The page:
UCF Housing and Residence Life staff informed the residents that the price point for compensation was determined by Creative Village LLC, who privately owns the UnionWest dormitories for the downtown campus.

“We heard about the $150 and that was the most ownership was willing to do in terms of the rent," said Peter Mitchell, director of housing administration and finance. "After we heard from students we tried to get it up to $275, but it was denied."

A $150 credit for 600 residents in next semester's housing agreement comes to a sum of $90,000. The desired credit which was denied was $275, which would have equaled $165,000.

No member of the ownership group was present at the town hall. Dr. April Konvalinka, executive director of Housing and Residence Life, said an invitation was sent to them and she does not know why they chose not to come.

“We will continue to try to get ownership to do more, and I think they understand that they have learned how to be engaged with student housing and we have heard your voice and continue to see what they will do,” Mitchell said.

Students also said intrusive construction and inefficient maintenance were a concern. Construction workers are working at five in the morning to midnight, which students expressed has become a distraction, especially for those residents who may need to rest for early classes.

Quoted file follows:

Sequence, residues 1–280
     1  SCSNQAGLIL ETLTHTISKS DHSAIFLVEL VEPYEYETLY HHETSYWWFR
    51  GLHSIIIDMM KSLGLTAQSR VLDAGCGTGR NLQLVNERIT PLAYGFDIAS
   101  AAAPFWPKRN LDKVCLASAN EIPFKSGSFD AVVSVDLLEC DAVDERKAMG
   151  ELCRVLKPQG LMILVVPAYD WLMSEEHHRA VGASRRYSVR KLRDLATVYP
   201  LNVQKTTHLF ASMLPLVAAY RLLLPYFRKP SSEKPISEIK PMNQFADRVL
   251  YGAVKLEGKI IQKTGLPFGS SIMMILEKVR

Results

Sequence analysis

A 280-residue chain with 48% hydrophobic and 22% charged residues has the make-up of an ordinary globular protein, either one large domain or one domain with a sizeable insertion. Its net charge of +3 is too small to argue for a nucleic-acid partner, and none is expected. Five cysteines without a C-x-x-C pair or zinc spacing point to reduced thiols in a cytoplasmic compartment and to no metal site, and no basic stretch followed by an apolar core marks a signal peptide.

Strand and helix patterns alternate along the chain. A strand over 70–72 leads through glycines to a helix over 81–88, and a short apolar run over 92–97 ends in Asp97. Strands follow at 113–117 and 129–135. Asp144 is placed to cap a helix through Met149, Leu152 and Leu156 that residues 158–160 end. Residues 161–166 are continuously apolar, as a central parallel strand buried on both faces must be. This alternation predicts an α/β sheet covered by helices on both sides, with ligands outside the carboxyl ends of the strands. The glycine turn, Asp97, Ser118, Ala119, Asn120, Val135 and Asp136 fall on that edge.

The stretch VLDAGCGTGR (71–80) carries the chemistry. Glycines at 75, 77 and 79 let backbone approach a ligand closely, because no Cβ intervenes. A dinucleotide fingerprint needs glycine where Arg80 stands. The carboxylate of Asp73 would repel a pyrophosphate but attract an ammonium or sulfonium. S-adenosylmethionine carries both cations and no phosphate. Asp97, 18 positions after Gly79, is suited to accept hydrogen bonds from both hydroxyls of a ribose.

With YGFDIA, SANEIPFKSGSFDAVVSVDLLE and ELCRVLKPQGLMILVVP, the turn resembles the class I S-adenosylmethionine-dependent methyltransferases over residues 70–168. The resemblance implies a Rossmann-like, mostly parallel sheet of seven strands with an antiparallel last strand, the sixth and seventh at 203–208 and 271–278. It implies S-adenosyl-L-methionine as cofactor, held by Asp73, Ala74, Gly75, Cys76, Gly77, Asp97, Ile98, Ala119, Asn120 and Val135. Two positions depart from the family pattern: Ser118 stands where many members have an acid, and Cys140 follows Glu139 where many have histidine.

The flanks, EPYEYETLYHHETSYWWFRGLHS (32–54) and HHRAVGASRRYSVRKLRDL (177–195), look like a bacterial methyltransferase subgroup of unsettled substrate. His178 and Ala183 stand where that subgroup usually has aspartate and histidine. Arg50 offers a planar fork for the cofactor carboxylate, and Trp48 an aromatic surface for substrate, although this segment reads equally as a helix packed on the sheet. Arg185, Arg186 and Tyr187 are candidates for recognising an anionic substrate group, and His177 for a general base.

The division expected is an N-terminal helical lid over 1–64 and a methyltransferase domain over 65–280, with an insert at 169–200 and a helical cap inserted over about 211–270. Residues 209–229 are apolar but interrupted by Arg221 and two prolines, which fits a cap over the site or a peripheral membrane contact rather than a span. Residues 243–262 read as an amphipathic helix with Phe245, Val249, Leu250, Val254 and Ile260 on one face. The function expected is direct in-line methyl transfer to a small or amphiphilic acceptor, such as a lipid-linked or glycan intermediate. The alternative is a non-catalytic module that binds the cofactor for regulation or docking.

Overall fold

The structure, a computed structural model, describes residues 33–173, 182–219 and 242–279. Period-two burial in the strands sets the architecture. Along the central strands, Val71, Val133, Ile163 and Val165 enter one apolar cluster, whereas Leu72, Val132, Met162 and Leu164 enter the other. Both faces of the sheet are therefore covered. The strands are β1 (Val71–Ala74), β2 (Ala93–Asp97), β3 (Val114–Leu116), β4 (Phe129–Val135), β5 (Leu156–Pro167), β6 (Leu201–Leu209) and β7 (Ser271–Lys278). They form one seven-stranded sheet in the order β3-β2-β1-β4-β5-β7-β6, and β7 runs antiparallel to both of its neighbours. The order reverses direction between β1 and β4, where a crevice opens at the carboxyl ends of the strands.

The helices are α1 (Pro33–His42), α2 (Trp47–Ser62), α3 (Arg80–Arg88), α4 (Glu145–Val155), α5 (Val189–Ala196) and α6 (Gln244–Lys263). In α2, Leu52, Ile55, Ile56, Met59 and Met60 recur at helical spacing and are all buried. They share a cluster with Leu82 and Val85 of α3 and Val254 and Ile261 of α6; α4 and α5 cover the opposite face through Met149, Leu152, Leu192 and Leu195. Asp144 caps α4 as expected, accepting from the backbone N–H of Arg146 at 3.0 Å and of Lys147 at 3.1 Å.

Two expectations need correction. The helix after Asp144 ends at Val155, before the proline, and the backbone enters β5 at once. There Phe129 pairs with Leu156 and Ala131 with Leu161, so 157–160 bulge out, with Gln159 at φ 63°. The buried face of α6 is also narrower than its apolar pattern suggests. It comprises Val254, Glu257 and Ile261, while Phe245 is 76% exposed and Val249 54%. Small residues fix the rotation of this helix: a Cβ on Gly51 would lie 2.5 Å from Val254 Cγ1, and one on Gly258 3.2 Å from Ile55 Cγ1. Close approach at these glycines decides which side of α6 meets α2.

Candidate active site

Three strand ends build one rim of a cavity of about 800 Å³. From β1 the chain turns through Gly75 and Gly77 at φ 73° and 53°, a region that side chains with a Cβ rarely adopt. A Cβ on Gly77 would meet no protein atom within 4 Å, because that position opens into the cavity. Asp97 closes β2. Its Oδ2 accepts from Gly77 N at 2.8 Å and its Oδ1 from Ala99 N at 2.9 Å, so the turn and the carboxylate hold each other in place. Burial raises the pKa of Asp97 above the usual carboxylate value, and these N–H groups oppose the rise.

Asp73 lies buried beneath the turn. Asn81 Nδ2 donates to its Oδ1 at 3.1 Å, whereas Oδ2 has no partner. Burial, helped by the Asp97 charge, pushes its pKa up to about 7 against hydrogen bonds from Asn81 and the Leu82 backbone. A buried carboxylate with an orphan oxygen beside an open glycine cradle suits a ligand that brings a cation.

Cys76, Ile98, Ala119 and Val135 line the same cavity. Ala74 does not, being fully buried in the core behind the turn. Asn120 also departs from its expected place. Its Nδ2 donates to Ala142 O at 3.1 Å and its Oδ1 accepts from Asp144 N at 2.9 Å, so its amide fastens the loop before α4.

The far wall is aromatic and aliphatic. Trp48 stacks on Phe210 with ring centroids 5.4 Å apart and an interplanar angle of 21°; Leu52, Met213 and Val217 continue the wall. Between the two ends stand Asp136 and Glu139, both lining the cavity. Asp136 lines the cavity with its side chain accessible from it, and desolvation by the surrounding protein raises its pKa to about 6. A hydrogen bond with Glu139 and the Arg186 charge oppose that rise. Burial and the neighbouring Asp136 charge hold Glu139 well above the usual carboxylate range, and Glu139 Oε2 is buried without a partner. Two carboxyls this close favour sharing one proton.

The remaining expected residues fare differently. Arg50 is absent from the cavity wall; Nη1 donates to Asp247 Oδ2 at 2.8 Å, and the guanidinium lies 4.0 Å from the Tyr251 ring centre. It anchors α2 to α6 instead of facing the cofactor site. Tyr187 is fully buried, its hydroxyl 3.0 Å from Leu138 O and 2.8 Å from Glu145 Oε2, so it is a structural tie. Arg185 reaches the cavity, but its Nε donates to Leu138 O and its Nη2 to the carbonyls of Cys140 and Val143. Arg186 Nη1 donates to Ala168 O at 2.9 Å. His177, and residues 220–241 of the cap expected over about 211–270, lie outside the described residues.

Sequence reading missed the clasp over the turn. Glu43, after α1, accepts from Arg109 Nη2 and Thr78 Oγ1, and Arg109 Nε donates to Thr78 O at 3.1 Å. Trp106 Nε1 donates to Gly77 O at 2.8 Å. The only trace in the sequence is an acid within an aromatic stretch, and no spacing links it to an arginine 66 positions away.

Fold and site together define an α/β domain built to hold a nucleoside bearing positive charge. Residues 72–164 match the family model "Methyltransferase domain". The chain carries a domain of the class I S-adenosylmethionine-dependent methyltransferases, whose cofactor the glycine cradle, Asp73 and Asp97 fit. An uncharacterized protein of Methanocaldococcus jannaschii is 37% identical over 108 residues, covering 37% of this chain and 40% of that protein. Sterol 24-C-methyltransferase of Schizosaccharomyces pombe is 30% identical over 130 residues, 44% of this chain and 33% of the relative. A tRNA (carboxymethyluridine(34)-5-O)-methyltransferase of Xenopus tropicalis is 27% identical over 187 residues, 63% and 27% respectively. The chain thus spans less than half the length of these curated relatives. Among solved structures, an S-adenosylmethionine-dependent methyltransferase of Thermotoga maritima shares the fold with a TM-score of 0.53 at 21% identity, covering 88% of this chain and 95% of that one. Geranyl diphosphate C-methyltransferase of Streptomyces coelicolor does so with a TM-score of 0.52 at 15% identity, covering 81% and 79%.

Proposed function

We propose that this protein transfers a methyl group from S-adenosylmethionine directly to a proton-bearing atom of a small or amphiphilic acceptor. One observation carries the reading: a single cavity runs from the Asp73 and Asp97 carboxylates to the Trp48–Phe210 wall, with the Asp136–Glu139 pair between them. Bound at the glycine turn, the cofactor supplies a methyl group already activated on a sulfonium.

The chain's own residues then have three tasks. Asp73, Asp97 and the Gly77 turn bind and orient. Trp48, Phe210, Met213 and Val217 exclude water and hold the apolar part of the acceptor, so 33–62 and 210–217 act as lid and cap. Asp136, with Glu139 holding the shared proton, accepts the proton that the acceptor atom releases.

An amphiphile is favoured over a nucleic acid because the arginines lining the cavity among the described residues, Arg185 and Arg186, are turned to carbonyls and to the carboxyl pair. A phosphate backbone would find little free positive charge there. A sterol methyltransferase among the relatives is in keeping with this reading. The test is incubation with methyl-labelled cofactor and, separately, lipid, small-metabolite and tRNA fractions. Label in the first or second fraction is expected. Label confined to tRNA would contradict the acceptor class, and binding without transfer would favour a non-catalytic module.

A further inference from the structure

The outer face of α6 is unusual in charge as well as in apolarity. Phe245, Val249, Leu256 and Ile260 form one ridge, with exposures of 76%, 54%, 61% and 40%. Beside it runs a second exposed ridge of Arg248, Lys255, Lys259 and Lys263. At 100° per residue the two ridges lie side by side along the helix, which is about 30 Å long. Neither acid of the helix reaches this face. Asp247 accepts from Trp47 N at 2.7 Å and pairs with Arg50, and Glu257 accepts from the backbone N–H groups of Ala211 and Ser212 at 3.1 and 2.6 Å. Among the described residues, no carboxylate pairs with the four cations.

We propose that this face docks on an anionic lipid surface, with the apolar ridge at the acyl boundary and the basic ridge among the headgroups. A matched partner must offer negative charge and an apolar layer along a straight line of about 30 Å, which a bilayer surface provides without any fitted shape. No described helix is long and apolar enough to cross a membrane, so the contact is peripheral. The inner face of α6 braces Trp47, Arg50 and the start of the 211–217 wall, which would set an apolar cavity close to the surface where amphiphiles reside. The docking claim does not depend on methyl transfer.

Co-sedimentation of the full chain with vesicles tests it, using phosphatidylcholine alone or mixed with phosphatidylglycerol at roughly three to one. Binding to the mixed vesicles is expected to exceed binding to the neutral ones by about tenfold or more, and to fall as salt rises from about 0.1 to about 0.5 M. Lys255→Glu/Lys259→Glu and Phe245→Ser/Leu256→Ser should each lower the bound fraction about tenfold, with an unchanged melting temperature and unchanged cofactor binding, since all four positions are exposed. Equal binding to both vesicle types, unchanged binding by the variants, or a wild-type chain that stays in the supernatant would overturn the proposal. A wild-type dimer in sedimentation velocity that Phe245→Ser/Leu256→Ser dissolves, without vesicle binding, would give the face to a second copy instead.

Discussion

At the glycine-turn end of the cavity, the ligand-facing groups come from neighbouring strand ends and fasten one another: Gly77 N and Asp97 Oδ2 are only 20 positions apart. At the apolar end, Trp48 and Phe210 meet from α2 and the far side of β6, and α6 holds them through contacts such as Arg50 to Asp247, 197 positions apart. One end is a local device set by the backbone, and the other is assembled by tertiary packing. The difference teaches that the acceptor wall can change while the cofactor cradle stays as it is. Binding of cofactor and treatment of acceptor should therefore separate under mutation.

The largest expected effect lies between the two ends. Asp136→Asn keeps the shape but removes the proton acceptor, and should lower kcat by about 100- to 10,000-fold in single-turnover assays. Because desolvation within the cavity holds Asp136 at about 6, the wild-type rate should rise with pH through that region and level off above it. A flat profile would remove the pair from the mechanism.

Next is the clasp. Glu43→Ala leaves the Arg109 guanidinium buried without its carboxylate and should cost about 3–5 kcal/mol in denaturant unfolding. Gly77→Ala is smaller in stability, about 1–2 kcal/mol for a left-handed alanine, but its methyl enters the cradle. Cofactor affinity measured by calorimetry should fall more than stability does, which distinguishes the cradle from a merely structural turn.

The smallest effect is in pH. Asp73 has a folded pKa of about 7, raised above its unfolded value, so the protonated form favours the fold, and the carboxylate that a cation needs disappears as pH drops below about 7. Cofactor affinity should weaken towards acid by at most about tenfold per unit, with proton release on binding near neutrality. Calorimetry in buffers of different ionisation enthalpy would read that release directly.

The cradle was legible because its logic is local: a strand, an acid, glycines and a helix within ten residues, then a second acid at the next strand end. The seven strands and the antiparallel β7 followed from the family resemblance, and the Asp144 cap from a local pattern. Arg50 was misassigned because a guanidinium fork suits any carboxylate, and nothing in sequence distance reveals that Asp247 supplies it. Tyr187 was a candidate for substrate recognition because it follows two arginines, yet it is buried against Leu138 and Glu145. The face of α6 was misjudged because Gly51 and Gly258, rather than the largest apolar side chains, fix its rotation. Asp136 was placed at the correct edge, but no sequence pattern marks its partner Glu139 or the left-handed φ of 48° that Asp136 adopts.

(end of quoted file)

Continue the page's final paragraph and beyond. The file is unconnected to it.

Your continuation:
Students have witnessed construction workers working at their dorm windows, as well as repeatedly come back to their rooms to attempt to fix issues such as plumbing, and other water issues.  

“Work orders are saying they are completed when they are not completed and maintenance would come in and see a problem, but not fix it,” said Jabett Middleton, Valencia College general studies freshman.

The Housing and Residence Life staff understand that the ongoing construction is frustrating but encourage students to be patient since there are some issues that still persist. 

“We were hoping for a nice, brand new building with contractors gone and all work to be gone, but unfortunately that has not been the reality,” Konvalinka said. "We want to keep them close by since we need to fix the issues."